>> below describes, it was validly named. Being a synonym should not dismiss
>> validity: *Brontosaurus* certainly rarely gets scare quotes.
>>
>> Heckert, A. B., 2005. *Krzyzanowskisaurus*, a new name for a probable
>> ornithischian dinosaur from the Upper Triassic Chinle Group, Arizona and New
>> Mexico, USA. _New Mexico Museum of Natural History and Science Bulletin_
>> 29:77-83.
>>
>> Cheers,
>>
>> Jaime A. Headden
>> The Bite Stuff (site v2)
>> http://qilong.wordpress.com/
>>
>> "Innocent, unbiased observation is a myth." --- P.B. Medawar (1969)
>>
>>
>> "Ever since man first left his cave and met a stranger with a
>> different language and a new way of looking at things, the human race
>> has had a dream: to kill him, so we don't have to learn his language or
>> his new way of looking at things." --- Zapp Brannigan (Beast With a
>> Billion Backs)
>>
>>
>>
>>
>>
>> ----------------------------------------
>>>
>>> Date: Tue, 8 Mar 2011 08:07:14 +0000
>>> From: mike@indexdata.com
>>> To: GSP1954@aol.com
>>> CC: vrtpaleo@usc.edu; dinosaur@usc.edu
>>> Subject: Re: GSP statement on use of my dinosaur restorations (follow up)
>>>
>>> On 7 March 2011 16:18,  wrote:
>>>>
>>>> The basic rule needs to be that that an artist produce their own
>>>> skeletal
>>>> restoration based on original research. This would include using photos
>>>> of
>>>> the skeleton, or an illustrated technical paper on the particular taxon.
>>>> This
>>>> then goes into your files as documentation of originality, and you can
>>>> publish it.
>>>
>>> Some interesting stuff here, Greg, and I certainly understand your
>>> frustration at the way your style, which 20 years ago was unique, has
>>> increased its influence to the point where it's one of the standard
>>> styles of palaeoart. I am sure Charles Knight felt much the same.
>>>
>>> Still, I'm not sure I see why it should be unreasonable for other
>>> artists to use your reconstructions as a basis for their restorations.
>>> (Note: basis. I am certainly not advocating the kind of wholesale
>>> ripping off that gave rise to the "Krzyzanowskisaurus"
>>> reconstruction.) Would you, in the same way, advocate that
>>> palaeoartists making skeletal reconstructions should go and take their
>>> own photographs of the bones, rather than re-using those taken by
>>> other scientists and prepared as figures?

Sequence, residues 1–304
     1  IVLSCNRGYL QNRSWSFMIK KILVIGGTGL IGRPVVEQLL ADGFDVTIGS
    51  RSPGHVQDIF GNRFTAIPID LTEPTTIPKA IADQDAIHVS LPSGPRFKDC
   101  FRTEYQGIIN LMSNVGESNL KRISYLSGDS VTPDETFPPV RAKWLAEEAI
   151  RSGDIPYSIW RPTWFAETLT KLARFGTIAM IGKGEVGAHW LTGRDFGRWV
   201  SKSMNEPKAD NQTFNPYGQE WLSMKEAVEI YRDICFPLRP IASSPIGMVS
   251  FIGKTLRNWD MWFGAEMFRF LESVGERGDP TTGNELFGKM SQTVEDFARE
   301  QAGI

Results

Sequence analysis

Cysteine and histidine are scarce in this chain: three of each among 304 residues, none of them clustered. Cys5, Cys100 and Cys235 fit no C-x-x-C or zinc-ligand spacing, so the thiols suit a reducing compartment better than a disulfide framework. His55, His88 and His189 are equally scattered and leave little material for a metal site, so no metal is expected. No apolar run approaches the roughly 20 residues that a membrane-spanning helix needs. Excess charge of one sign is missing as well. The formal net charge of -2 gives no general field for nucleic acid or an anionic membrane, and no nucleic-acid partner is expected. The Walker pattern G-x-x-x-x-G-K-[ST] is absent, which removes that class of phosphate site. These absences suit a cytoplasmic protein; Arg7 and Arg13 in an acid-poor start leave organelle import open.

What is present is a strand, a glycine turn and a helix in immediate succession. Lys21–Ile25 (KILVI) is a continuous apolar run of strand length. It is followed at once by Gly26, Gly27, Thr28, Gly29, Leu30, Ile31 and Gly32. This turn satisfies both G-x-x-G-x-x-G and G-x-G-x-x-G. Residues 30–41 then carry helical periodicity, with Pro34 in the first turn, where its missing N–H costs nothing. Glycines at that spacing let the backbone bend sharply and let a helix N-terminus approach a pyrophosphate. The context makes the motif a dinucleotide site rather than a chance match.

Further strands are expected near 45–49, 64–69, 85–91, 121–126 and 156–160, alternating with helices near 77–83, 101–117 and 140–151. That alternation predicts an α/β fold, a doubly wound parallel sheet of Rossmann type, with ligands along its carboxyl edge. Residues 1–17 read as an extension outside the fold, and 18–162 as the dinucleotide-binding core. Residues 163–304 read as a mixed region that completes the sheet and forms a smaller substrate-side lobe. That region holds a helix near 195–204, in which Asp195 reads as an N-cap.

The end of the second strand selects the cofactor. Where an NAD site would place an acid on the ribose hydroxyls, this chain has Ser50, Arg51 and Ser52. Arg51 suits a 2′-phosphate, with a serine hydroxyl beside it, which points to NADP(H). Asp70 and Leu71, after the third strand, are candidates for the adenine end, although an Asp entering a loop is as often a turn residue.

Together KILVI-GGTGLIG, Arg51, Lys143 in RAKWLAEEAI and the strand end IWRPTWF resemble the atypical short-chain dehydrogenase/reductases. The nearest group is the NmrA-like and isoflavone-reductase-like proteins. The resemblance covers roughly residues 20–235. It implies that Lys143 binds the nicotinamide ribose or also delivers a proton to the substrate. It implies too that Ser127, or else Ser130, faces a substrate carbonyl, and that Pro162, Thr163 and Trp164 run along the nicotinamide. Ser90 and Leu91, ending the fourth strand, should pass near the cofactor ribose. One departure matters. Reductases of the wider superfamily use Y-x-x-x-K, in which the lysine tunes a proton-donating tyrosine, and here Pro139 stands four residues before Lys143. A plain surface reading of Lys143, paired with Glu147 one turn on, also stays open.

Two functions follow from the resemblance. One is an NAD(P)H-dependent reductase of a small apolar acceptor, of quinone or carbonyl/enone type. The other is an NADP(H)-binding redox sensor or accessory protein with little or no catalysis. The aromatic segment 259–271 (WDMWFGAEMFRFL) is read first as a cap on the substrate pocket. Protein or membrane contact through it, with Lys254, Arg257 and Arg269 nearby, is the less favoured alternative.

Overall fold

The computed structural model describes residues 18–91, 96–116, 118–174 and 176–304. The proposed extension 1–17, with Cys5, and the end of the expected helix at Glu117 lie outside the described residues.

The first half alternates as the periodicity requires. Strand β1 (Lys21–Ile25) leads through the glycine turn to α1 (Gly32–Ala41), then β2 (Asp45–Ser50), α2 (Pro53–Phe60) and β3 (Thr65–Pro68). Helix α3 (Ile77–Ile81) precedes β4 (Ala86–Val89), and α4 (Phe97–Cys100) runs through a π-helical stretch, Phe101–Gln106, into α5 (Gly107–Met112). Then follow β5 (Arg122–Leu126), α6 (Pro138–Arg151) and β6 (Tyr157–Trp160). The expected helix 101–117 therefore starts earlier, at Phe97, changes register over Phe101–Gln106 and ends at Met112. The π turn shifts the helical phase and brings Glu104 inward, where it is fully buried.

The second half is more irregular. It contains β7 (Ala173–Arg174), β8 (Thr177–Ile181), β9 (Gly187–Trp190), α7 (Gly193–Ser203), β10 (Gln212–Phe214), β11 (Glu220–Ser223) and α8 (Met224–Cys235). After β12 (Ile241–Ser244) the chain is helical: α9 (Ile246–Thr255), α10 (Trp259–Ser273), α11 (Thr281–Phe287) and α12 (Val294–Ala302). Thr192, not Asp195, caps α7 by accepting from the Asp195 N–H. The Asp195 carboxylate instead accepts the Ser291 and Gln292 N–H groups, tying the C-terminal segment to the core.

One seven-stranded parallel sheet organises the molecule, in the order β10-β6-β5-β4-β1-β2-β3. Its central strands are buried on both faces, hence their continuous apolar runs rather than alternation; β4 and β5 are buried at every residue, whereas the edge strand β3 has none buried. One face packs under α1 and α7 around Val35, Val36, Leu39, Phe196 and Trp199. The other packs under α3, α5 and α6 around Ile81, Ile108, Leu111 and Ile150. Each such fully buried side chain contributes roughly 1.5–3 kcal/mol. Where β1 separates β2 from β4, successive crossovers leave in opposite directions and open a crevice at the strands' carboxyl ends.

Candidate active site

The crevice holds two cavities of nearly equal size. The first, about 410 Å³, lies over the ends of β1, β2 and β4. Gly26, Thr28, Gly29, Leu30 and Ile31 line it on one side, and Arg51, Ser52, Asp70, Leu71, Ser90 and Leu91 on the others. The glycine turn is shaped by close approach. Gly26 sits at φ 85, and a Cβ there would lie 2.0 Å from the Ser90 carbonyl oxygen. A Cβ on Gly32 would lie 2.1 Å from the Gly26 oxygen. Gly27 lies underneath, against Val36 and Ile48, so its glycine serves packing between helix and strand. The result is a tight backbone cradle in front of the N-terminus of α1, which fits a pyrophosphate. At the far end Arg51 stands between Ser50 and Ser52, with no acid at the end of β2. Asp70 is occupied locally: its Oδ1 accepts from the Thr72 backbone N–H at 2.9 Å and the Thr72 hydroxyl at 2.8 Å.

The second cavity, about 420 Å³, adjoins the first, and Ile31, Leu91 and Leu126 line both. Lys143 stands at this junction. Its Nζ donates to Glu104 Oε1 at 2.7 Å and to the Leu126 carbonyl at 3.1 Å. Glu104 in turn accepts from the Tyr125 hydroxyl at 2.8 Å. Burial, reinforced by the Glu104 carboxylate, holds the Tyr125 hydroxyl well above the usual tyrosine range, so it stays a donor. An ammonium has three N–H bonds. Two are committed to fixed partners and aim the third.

>>>
>>> To pick a topical example, if for some reason you wanted to
>>> reconstruct Brontomerus, would you feel obliged to take your own
>>> photographs of the ilium, scapula, etc. rather than using those at
>>> http://www.miketaylor.org.uk/dino/brontomerus/extras.html
>>> ? Of, if you feel the manipulated photographs should be exempt, then
>>> what about using prepared artwork of individual elements such as those
>>> of the Argentinosaurus vertebrae in Bonaparte and Coria (1993), as
>>> shown at
>>>
>>> http://svpow.wordpress.com/2008/01/08/the-revenge-of-the-controversial-hypantra-of-argentinosaurus/
>>> Should these also be unavailable for palaeoartists to use without
>>> explicit permission or payment? If not, could you explain what the
>>> difference is?
>>>
>>>> Do not pose it in my classic left foot pushing off in a high velocity
>>>> posture. Not because I am inherently outraged -- it would be rather nice
>>>> if not
>>>> for some practical issues. For one thing I have succeeded in getting
>>>> some big
>>>> payments for unauthorized use of this pose by major prjects that should
>>>> have known better. Aside from the financial issue, there are other
>>>> concerns if
>>>> you think about it. It is widely assumed that any skeleton in this pose
>>>> is
>>>> mine, but what if it does not meet my level of accuracy? The trust in
>>>> and
>>>> value of my work is degraded. There are gigillions of poses a skeleton
>>>> can be
>>>> placed in. Be original.
>>>
>>> I have to say this seems pretty outrageous -- the idea that a
>>> particular pose can be someone's intellectual property would seem
>>> laughable if it wasn't so serious. Or did I misunderstand and is this
>>> part a joke? If not, then I have to say it's enormously useful to be
>>> able to directly compare, for example, Scott Hartman's reconstructions
>>> at
>>> http://www.skeletaldrawing.com/
>>> directly with yours, seeing the differences in interpretation clearly
>>> because of the adoption of Greg Paul Normal Pose. I'd hate to lose
>>> that ability against the possibility that someone might wrongly think
>>> one of Scott's pieces was yours. After all, the goal of skeletal
>>> reconstructions (as opposed to life restorations) is primary to be
>>> scientifically useful, right?
>>>
>>> -- Mike.
>>
>>
>
> Luis Rey
>
> Visit my website
> http://www.luisrey.ndtilda.co.uk
>
>